Representative Adrian Arnold asked for an example of  the types of projects that are funded through the on-farm water enhancement model program. Mr. Rogers responded that the money sometimes is used to improve water availability to cattle. He also gave as an example that the money can be used to fence cattle out of ponds and other water sources in order to protect water quality.


When the report focused on state-funded projects, Representative McKee asked if the money approved for Boones Abattoir, Inc. to expand and rebuild a fire damaged specialty livestock slaughter facility would benefit farmers outside of the county where Boones Abattoir, Inc. is located. Mr. Rogers explained that the slaughterhouse provides services to at least 30 producers in 13 counties. He also said that the facility allows the producers to provide their products directly to retail market. Representative McKee observed that Boones Abattoir, Inc. appears to be small and focused at a scale that can be particularly helpful to Kentucky producers.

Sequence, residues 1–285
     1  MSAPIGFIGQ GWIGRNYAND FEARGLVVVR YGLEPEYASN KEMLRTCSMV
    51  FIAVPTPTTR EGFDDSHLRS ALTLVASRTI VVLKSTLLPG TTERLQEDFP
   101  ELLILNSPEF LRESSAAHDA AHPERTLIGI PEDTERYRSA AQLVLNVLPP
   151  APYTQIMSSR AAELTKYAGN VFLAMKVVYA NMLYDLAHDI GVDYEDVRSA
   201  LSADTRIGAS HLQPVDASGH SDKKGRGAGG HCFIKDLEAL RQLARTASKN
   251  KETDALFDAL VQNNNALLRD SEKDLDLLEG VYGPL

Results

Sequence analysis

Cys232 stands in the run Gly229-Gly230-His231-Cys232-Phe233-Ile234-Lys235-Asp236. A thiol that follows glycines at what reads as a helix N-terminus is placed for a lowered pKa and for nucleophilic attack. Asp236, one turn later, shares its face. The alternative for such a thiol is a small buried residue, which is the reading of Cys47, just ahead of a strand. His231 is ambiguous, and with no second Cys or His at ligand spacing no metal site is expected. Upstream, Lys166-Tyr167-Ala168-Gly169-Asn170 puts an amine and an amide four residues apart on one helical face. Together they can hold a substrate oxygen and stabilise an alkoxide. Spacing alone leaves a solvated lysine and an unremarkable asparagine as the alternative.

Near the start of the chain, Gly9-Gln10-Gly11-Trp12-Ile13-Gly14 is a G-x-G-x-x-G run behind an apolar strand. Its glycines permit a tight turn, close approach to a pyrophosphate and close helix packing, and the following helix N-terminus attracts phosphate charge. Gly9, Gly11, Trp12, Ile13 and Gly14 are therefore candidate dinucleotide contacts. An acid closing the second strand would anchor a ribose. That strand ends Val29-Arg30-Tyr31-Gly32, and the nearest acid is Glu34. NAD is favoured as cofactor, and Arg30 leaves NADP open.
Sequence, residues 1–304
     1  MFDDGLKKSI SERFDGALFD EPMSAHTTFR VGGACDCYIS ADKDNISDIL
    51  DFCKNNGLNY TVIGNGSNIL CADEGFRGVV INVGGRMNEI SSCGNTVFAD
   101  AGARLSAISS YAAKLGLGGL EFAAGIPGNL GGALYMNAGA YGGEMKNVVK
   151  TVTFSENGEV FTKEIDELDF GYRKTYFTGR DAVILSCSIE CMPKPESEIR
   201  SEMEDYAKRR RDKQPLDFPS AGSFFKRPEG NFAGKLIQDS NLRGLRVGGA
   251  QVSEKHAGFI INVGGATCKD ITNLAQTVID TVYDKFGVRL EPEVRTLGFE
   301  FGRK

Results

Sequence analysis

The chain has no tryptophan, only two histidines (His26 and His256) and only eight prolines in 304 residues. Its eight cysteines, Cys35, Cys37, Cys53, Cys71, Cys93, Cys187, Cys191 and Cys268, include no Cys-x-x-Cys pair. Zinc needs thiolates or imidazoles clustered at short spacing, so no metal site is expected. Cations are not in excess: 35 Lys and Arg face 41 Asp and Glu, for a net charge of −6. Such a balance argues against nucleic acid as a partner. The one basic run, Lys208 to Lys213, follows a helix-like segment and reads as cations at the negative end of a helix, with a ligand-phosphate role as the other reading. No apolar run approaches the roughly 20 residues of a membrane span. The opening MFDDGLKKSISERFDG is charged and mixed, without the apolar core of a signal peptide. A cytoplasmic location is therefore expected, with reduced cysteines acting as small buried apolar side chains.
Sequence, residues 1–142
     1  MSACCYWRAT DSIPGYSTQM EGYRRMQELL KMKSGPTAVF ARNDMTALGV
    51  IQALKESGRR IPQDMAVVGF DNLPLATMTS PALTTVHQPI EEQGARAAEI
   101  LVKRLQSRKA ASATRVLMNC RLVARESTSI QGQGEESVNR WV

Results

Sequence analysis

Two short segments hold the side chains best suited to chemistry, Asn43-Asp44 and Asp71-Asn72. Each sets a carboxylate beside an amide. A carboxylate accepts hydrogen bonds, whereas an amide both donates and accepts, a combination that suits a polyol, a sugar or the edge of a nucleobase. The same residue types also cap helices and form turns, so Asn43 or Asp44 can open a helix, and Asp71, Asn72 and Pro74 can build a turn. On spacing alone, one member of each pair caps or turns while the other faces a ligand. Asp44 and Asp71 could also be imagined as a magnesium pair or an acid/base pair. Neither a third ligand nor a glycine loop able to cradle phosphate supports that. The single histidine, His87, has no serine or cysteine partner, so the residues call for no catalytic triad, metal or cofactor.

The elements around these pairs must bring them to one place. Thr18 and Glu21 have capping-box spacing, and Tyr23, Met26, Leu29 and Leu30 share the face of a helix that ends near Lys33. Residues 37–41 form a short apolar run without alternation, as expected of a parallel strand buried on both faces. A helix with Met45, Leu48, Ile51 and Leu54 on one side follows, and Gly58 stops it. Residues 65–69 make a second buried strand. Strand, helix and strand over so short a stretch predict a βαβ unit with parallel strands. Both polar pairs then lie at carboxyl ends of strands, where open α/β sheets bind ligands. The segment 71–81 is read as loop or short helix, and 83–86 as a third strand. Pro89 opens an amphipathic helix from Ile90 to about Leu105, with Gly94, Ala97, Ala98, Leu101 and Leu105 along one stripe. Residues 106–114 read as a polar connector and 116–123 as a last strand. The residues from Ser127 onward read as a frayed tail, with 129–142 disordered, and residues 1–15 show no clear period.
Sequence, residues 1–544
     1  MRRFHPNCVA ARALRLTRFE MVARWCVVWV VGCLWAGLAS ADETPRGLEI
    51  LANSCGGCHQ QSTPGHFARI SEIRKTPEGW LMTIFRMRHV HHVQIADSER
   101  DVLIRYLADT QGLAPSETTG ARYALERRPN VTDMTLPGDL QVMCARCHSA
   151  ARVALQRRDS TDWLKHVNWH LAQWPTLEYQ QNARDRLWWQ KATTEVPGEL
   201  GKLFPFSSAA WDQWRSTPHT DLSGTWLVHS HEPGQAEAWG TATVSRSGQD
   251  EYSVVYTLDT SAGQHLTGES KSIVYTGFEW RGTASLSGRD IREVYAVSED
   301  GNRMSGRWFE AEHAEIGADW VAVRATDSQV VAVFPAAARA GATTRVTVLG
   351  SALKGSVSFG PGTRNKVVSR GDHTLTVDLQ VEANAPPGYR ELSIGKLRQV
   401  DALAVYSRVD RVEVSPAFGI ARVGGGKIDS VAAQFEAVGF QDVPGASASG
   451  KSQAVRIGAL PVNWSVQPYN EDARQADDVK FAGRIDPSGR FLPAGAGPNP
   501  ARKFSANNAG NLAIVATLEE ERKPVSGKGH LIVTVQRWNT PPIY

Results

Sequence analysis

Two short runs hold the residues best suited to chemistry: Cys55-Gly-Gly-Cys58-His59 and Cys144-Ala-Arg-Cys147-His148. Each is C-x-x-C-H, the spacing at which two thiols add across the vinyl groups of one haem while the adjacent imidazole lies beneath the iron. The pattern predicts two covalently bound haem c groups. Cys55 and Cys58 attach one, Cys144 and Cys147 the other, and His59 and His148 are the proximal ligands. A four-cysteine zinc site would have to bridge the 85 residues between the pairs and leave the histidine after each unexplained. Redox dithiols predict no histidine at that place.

Senator David Boswell asked about the Henry County Chamber of Commerce project. The project provides funding for a portion of the costs associated with an Agricultural Marketing Specialist for Henry County. Senator Boswell asked if the project duplicates services provided by other organizations. He used the University of Kentucky, County Extension Office as an example. Mr. Rogers replied by saying that the specialist working for Henry County would be dedicated to assisting Henry County farmers and in that way would differ from other service organizations. Representative Thomas asked if funding, even partially, of personnel costs is out of the ordinary. Mr. Bratcher said that it is somewhat out of the ordinary but he recalled that one or two farmers' markets that had received funding had received as a portion of that funding money to cover some personnel expenses.